Islay Diary - Day 3

Monday, August 27, 2018

The day started well, with a healthy breakfast, fresh coffee and walk in the rain to take a look at the Carraig Fhada lighthouse. However, returning to the house we discovered we had a massive rusty nail stuck in one of the back wheels of the car.

This resulted in a change to the spare from the boot and enquiries into a replacement. Luckily, there's a place on the road to Bruichladdich, so we dropped the tyre off and, seeing as we were close to the distillery, we thought it would be rude to pass up a visit.

My last two trips to Bruichladdich have ended in disappointment - they were closed both times. But this time the car park was busy and the shop was bustling. I was tempted by the straight-from-the cask offering, but it was finished/matured in Madeira casks, so I passed as experience has told me that anything that sweet is just not for me. Instead, I bought the 2006 Bere Barley Kynagarry Farm and a 20cl of the Bruichladdich Rocks as I’ve never tried it before.

It was then off around the corner of the island for a pleasant walk around Port Charlotte, but it was lunchtime, and thoughts quickly turned to the home baking and food at the Kilchoman distillery.

Kilchoman lies four miles down a single track road, but today, just two miles from the distillery, that road was closed due to maintenance work. That meant a lengthy detour around Loch Gorm which, although a pain, meant we got to take in amazing views of the landscape, including the loch itself and Saligo Bay, where waves were crashing spectacularly against the shoreline.

By the time we arrived at the distillery, we were cold and in need of some grub. This is my third visit to Kilchoman and the cakes and food always make this an essential journey. Slices of carrot cake and Victoria Sponge were ordered, along with two bowls of steaming Cullen Skink. This stuff is incredible and some of the best I’ve ever tasted. Thick, creamy and full of massive chunks of seafood, this hit the spot.

While the food is of a high standard, the whisky is equally so. Every visit, I’ve picked up a bottle or two to take home. Last year I grabbed the Feis Ile offering (a cheeky cask strength 100% Islay from a bourbon and sherry cask and limited to 877 bottles) and a distillery shop exclusive 100% Islay Cask Vatting from two bourbon barrels and poured into the bottle at a robust 56.8%.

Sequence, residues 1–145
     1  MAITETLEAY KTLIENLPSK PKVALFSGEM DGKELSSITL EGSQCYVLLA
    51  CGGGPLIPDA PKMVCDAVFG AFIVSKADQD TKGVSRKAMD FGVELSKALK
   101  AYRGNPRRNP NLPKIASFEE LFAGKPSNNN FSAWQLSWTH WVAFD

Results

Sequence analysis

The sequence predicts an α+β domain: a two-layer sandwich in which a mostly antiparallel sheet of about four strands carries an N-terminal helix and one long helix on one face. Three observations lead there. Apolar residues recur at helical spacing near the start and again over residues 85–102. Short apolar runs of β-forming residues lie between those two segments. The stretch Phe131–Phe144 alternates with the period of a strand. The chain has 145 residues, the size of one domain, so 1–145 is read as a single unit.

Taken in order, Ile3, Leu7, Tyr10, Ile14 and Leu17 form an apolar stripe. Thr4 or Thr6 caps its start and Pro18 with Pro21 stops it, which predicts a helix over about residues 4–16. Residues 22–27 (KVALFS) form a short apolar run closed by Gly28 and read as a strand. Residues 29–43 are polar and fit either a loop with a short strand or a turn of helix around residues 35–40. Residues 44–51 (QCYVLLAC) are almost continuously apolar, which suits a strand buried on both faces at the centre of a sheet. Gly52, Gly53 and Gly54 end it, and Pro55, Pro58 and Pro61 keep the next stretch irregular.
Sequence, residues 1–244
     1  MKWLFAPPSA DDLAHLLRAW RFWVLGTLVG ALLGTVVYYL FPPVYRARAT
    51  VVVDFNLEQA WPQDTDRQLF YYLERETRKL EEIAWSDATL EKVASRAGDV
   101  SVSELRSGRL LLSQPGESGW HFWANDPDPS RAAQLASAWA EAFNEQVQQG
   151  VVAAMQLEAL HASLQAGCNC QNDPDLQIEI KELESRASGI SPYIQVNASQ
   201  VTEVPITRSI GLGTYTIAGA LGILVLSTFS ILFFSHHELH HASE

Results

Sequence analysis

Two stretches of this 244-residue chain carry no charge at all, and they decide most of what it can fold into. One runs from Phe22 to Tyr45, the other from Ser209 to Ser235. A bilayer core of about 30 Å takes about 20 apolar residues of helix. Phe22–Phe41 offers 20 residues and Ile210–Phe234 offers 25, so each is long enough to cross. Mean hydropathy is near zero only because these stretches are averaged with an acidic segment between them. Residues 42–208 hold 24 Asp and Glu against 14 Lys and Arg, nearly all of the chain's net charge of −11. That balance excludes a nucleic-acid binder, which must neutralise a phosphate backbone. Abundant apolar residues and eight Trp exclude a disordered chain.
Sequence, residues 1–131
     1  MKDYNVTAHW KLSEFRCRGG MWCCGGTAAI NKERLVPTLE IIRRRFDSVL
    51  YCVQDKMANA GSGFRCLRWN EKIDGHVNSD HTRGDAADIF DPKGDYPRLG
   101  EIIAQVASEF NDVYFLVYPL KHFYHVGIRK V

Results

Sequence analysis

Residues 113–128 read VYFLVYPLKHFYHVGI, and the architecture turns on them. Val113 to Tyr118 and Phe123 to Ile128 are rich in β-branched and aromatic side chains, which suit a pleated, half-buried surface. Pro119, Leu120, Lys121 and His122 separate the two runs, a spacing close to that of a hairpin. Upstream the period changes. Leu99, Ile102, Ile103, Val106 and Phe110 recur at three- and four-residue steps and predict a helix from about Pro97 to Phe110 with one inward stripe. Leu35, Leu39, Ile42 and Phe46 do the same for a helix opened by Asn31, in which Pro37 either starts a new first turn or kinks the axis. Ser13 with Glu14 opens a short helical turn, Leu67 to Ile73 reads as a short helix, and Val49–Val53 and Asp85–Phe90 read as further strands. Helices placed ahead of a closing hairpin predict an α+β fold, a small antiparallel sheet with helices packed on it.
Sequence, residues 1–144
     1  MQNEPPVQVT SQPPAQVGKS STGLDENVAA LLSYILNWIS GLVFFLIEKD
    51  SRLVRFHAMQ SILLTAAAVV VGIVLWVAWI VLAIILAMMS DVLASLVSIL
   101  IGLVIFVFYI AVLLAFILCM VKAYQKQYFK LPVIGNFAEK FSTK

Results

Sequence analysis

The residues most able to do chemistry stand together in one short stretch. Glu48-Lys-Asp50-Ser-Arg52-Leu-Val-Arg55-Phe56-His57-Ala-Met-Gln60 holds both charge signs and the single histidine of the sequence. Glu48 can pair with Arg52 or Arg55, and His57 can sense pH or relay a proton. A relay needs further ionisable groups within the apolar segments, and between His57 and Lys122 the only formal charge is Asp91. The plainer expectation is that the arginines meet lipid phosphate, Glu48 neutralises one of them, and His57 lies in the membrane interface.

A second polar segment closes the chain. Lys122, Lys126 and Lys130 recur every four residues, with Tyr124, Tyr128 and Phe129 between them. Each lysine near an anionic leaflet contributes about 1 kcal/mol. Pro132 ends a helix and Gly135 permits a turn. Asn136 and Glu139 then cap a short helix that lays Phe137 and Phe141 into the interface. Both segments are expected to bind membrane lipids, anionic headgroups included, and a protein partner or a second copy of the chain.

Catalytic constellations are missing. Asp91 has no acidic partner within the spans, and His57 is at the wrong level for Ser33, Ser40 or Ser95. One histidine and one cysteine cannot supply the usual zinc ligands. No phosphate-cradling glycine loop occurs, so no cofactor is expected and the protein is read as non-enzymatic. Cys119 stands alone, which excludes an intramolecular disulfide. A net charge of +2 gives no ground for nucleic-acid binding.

Today, the well-stocked shop was selling an exclusive single cask 12 year old at 55.3%, bottled just last week and limited to 207 bottles. It was distilled in 2006 - a year after the distillery opened - making this the oldest Kilchoman I’ve ever seen. I ordered a wee dram just to try it and can confirm it’s excellent stuff. Aged in a bourbon cask, it’s sweet and peppery, with some lovely peat balancing things out. And yes, I did buy a bottle!

On the way back, we stopped off at Bowmore for a wander around. I took some snaps of the distillery and returned to The Islay Whisky Shop, just for another look... honest.

10 minutes later, I emerged clutching a private cask bottling of an 11 year old Bruichladdich at 57%.

It’s named “Carol-Ann’s Single Cask Uisge Breagha” and I asked the welcoming staff at the shop for more information about this unusual bottle.

I was told that Carol-Ann was a well-liked and much respected Bowmore resident, who sadly died after taking ill following her 57th birthday. That’s why it’s bottled at that particular ABV. Carol-Ann’s husband is a farmer who supplies Bruichladdich with grain and her barrel at the distillery is named in her honour.

The staff told me that it was bottled two weeks short of being a 12 year old and the notes of the whisky on the bottle also describe Carol-Ann: “Light but full of flavour - complex in character.” I told them I would share this bottle with close friends, and they asked me to smile when we drink it, as that’s what she would have done. It’s obviously a sad story, but what a great way to celebrate a life.

With three full bottles of newly purchased whisky (including that wee 20cl sample) to add to the two I bought on Sunday, this was already turning into an expensive week away - and there’s still trips to Laphroaig and Lagavulin to negotiate!

Tonight’s drams were the Ardbeg 10, a Signatory Clynelish 10 year old and Ian Macleod’s “As We Get It” cask strength Islay single malt, bottled at a whopping 61.3%. This tasted to me like young Caol Ila and was pretty decent stuff.

Link: Islay Diary - Day 1
Link: Islay Diary - Day 2